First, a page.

“This will potentially lead to a dramatic contraction in mine supply should current prices prevail,” said Dunne during the presentation covered by Mining Weekly.

If palladium prices remain as they are, the Johannesburg Stock Exchange-listed PGMs mining company expects significant pressure on supply and the potential for not insubstantial decline from 2025.

The mainstay of production for rhodium is upper group two reef on the western limb of the Bushveld Complex, where operations are amongst the oldest and highest cost in the industry.

“They are vulnerable to a low price environment. We anticipate lower production into the future even if rhodium prices recover somewhat.

“Supply of PGMs will become increasingly constrained and if the world truly needs these critical and strategic metals, then the markets must incentivise additional supply from here.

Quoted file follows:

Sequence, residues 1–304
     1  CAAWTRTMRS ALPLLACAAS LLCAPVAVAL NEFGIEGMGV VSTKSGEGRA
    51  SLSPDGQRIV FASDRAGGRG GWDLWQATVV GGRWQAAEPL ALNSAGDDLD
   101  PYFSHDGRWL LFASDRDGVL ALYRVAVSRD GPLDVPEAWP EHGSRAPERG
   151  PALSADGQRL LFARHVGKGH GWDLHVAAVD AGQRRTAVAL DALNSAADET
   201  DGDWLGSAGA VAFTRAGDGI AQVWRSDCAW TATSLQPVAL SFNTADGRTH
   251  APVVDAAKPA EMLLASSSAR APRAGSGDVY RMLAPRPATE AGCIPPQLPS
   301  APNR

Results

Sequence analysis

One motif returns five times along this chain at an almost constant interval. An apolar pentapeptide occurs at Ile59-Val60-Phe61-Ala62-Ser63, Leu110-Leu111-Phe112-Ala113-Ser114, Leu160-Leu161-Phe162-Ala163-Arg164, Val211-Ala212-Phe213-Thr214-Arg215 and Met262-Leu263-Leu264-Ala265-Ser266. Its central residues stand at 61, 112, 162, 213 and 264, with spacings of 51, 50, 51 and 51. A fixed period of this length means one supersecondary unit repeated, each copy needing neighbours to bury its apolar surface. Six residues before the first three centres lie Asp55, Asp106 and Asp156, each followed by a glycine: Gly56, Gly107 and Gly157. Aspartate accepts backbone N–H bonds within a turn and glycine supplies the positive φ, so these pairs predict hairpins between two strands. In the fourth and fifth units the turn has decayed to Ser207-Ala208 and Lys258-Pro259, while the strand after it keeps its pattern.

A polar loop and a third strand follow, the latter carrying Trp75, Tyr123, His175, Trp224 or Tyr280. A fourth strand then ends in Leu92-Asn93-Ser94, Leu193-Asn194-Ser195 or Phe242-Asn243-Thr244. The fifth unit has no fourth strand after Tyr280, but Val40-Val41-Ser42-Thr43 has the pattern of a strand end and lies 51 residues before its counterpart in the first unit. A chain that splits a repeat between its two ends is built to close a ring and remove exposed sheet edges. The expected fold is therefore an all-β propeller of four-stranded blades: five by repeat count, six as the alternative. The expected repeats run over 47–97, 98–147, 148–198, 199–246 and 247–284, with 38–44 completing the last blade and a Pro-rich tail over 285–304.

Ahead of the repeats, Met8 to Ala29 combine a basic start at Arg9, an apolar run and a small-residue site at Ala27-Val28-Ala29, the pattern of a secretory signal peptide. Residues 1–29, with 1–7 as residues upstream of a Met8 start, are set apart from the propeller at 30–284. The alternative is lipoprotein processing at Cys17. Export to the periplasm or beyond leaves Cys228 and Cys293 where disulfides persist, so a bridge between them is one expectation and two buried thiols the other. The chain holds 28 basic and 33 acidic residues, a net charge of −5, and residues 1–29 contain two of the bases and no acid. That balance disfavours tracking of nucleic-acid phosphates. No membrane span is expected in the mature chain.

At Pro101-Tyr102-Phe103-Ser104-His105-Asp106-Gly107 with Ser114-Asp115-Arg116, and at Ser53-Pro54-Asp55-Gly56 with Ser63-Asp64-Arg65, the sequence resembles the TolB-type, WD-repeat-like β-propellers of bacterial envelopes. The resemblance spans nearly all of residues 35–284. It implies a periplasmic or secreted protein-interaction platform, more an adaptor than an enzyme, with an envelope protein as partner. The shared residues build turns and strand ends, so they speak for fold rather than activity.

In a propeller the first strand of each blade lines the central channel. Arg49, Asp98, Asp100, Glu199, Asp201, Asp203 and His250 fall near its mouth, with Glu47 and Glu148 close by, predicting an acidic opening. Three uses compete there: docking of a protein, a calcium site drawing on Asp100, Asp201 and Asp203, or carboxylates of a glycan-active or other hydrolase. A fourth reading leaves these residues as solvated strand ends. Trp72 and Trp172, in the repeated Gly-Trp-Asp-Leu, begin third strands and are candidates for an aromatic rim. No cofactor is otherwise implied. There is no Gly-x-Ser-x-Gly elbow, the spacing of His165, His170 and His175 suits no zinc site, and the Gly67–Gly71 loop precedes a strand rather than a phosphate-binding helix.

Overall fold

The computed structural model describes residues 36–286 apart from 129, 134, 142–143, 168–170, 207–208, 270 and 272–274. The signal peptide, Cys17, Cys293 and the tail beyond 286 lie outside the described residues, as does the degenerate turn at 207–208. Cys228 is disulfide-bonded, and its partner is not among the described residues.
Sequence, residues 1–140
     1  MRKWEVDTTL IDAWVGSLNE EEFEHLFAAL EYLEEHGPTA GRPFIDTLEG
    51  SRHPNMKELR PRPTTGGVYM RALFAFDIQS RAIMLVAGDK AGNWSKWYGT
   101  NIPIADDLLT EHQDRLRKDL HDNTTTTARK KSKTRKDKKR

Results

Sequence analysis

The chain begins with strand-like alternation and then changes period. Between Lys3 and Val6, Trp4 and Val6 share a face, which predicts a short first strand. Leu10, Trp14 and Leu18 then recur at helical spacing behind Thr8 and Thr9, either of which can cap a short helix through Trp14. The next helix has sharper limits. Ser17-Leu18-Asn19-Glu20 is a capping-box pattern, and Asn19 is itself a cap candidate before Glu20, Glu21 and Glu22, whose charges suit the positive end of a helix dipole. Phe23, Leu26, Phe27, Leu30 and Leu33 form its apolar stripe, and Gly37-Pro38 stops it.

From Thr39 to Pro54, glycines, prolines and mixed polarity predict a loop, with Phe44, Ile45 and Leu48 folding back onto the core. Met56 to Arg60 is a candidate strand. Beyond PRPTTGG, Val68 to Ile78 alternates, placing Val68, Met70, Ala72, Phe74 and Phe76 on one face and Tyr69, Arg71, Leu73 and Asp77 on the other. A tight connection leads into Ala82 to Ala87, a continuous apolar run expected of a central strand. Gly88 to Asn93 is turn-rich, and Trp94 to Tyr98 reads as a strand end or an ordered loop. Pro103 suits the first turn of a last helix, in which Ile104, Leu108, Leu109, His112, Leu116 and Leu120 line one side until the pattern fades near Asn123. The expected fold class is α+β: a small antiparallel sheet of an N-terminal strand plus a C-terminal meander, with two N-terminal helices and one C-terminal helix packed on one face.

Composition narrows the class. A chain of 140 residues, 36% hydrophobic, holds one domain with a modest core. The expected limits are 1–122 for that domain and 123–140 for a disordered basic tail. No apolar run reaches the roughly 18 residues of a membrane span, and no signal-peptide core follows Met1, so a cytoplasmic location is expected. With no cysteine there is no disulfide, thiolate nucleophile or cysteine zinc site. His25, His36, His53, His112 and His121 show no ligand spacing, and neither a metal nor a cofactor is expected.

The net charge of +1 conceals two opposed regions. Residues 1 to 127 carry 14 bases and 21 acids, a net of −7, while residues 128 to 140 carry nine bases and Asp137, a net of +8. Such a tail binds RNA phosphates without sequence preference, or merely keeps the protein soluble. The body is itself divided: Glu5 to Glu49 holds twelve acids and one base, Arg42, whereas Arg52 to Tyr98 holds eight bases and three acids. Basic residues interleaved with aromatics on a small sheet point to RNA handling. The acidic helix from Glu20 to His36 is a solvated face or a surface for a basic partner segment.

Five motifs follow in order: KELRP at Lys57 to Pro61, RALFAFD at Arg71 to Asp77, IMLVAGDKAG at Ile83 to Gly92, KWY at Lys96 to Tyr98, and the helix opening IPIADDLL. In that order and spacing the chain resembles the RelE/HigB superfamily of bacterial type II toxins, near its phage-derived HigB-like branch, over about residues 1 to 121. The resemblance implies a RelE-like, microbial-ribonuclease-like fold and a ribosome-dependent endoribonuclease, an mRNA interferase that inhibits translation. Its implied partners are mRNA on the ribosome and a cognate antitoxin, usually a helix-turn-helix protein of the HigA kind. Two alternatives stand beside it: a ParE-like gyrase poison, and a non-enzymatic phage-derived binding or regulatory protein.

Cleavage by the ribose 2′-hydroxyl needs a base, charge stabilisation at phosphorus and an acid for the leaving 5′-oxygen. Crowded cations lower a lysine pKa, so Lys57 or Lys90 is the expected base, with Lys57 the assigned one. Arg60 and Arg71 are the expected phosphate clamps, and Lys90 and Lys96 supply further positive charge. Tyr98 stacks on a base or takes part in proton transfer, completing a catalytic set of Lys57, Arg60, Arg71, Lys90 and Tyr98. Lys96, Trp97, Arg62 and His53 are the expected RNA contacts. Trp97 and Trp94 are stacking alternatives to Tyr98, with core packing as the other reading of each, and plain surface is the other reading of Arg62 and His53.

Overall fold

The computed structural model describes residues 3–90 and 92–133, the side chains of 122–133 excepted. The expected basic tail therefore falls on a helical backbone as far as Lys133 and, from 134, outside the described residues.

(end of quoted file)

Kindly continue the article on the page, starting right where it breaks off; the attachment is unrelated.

"If this is not the case, the world’s primary PGMs production base will rapidly shrink,” Dunne forecast.

A fall in the average price received from over R80 000 per platinum ounce to R67 000 per platinum ounce is expected amid a combination of global inflation and consequential rising interest rates, together with Russian metal flows into the Chinese market and automotive original equipment manufacturers destocking.

Prices declined further after Northam’s June 30 financial year end and today’s spot for Northam offers around R53 000 per platinum ounce.

In addition, the fibreglass industry has liquidated rhodium into an already soft market, leading to a fairly extreme price reduction and subsequent negative impact on the basket.